A scheme for applying emerging computer vision technologies to interactive e-learning

Publication Type:
Thesis
Issue Date:
2005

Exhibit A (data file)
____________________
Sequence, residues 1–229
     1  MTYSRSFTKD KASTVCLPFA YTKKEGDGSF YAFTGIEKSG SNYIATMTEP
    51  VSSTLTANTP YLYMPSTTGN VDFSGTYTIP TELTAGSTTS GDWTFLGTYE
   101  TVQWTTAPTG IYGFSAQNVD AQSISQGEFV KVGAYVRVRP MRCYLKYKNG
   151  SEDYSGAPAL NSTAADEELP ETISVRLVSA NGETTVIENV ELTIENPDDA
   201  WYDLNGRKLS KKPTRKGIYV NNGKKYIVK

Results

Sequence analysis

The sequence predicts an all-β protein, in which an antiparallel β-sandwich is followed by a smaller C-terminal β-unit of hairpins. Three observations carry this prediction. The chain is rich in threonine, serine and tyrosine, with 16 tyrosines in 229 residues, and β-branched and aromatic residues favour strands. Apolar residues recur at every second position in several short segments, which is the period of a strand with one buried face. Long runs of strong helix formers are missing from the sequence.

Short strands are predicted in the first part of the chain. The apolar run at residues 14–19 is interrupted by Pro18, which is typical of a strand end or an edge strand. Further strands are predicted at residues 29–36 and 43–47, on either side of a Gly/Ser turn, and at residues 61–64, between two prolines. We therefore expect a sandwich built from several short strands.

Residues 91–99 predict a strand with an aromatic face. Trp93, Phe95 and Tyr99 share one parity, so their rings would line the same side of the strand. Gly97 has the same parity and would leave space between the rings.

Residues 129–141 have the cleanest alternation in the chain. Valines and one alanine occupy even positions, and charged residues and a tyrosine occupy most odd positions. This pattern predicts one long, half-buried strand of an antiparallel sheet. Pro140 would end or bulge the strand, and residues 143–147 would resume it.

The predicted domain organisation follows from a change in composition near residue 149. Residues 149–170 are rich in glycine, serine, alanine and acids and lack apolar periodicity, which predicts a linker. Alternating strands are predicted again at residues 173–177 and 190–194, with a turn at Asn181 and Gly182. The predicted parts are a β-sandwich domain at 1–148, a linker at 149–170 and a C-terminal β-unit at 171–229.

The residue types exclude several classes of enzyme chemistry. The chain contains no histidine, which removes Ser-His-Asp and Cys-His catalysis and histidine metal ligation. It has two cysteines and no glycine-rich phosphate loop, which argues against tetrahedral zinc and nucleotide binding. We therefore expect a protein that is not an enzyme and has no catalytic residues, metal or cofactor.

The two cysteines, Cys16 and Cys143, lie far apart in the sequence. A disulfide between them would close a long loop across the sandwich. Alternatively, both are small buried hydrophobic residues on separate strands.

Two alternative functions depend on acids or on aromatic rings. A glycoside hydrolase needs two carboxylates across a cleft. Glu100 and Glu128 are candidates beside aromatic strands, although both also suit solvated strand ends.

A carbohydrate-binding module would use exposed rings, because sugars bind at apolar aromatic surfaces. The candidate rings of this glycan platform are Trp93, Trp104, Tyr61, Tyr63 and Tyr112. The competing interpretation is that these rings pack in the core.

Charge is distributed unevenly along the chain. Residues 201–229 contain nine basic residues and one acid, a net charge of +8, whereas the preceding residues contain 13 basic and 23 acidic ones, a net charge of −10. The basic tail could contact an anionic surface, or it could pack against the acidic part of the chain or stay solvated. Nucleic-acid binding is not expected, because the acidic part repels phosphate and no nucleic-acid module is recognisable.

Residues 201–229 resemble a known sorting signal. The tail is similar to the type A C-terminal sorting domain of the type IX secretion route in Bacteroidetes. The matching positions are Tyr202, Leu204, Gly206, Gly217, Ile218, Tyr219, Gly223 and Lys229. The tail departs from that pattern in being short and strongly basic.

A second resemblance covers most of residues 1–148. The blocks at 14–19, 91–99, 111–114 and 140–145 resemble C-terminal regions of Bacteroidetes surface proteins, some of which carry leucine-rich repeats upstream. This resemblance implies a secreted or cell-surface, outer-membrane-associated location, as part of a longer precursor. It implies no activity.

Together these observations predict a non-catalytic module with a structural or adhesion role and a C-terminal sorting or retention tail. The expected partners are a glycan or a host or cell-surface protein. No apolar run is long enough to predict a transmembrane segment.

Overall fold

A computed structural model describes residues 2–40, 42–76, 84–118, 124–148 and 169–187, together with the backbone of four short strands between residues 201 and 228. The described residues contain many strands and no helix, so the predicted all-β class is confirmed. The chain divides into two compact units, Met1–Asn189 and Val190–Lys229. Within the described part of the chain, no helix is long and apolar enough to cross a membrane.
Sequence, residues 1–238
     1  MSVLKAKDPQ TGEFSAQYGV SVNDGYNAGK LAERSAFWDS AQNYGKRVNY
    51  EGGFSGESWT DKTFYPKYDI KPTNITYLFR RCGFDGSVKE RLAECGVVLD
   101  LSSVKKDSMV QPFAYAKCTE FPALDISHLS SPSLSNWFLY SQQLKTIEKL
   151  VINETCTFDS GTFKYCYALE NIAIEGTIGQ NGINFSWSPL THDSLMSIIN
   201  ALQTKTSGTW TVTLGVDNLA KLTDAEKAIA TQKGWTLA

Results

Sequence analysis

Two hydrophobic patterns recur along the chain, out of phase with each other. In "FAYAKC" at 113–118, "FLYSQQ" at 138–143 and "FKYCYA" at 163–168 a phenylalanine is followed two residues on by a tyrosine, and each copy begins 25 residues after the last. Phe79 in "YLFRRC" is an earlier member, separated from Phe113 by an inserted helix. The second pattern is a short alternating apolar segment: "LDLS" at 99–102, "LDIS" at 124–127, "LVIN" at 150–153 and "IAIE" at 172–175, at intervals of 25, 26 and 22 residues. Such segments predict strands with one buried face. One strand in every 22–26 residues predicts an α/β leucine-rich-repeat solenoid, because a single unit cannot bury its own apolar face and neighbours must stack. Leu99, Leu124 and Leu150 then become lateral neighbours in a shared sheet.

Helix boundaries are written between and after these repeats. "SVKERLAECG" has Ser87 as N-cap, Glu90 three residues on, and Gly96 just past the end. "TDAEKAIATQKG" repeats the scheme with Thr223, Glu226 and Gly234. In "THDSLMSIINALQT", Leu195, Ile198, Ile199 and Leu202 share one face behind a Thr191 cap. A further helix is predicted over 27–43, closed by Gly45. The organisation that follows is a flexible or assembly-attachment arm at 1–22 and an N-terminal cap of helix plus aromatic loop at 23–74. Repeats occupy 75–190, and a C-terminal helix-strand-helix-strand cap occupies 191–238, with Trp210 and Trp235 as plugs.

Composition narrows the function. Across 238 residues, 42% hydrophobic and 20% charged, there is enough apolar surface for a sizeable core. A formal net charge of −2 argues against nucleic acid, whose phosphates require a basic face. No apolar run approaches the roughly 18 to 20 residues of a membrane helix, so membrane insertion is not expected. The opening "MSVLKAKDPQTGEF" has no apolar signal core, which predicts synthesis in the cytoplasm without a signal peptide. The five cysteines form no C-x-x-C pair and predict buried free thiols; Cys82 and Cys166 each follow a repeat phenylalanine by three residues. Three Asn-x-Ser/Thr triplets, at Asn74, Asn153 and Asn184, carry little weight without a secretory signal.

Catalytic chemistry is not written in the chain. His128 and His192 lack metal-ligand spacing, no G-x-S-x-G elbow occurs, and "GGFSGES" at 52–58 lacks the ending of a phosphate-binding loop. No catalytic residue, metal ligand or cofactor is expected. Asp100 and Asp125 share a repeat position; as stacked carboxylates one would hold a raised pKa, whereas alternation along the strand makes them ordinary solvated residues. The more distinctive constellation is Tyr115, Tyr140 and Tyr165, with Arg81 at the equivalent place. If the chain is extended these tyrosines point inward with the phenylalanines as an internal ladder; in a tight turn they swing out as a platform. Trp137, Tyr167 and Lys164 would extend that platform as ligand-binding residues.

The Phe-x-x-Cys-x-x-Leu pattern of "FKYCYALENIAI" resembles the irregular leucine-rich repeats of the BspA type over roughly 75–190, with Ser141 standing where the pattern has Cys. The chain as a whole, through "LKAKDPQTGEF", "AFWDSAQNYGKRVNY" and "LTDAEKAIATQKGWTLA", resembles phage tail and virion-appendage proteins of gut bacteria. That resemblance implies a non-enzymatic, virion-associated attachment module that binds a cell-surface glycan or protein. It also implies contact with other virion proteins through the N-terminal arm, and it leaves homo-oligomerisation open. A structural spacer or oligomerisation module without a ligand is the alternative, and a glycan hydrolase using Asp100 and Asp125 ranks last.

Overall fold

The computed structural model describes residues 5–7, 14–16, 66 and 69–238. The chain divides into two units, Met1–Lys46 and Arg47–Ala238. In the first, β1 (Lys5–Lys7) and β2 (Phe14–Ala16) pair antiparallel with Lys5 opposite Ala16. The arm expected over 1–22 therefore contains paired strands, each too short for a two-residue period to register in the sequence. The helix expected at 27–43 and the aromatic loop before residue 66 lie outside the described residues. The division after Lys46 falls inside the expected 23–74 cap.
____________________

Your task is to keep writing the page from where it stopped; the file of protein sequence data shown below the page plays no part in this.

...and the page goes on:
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NO FULL TEXT AVAILABLE. Access is restricted indefinitely. ----- In traditional e-learning applications, instructional video capturing is used merely for streaming purposes. The recent advancements in video signal processing, computer vision and pattern recognition (CVPR) technologies have led to instructional video also becoming the input for many automated and intelligent e-learning systems. At the same time, the increases in consumer-grade PC processing speed and camera resolutions have made CVPR technologies more accessible to ordinary computer users and have the potential to apply to their everyday learning. Noticing this trend, in our work, we have focused our attention on e-learning systems that are synchronous, peer-to-peer based and instructor uses traditional teaching equipment, where the properties include accurate bidirectional interactions, low-cost hardware, system portability and vision software versatilities are emphasized Our research also indicates that existing vision-based e-learning systems have not focused on these areas and fulfilled the corresponding requirements adequately. Our work, therefore, is an effort to address the challenges brought by these properties and to apply our computer vision research findings to help resolve the challenges. In this thesis, the work is presented through a scheme of attained results. Categorically, these results are presented from the perspectives of interactive multimedia systems, e-learning computer vision algorithms and processing implementations. From a multimedia system perspective, we have developed a few interactive subsystems where our work has represented both novelty and successful attention to our challenges. Our work includes a semi-passive control subsystem for a low-cost and low-precision PTZ camera able to be operated according to both instructor-led laser pointer guidance and by a student in a remote location. We also present a novel student-to-instructor communication method using a low-cost laser pointer robot that can automatically pan and tilt to a specified region. We also present a real-time teaching object recognition subsystem, where both hand-held and wall-based teaching objects can be detected during synchronous e-learning. By using unique instructor's facial pose estimation and laser pointer guidance techniques, this system has achieved robustness, efficiencies and unambiguous detection. From a computer vision algorithms perspective, we will present results in researching and customizing various emerging CVPR algorithms to suit e-learning applications. These results include robust object recognition using local invariant features under reference scales; robust laser pointer detection by bimodal Gaussian Mixture Model training with integral images features; Application of mean-shift tracking to e-learning and safeguarded with efficient global target regaining. In these algorithms, the efficiency for single PC execution is also emphasized. From a processing implementation perspective, we will present results using a latency-insensitive CVPR scheduling method by our unique execution parameter generation functions for the expensive vision algorithms used. We also present a method for peer-to-peer CVPR processing load-sharing on student's PC. SIMD optimization results and studies into automatic SIMD compilation on vision algorithms are also discussed. Finally, the overall results obtained are presented though our prototype IVDA instructional video streaming system, encapsulating most of our work. Apart from presenting a state-of-art vision-based e-learning system, we will also illustrate how the results obtained have addressed and resolved the challenges in our focused e-learning areas.
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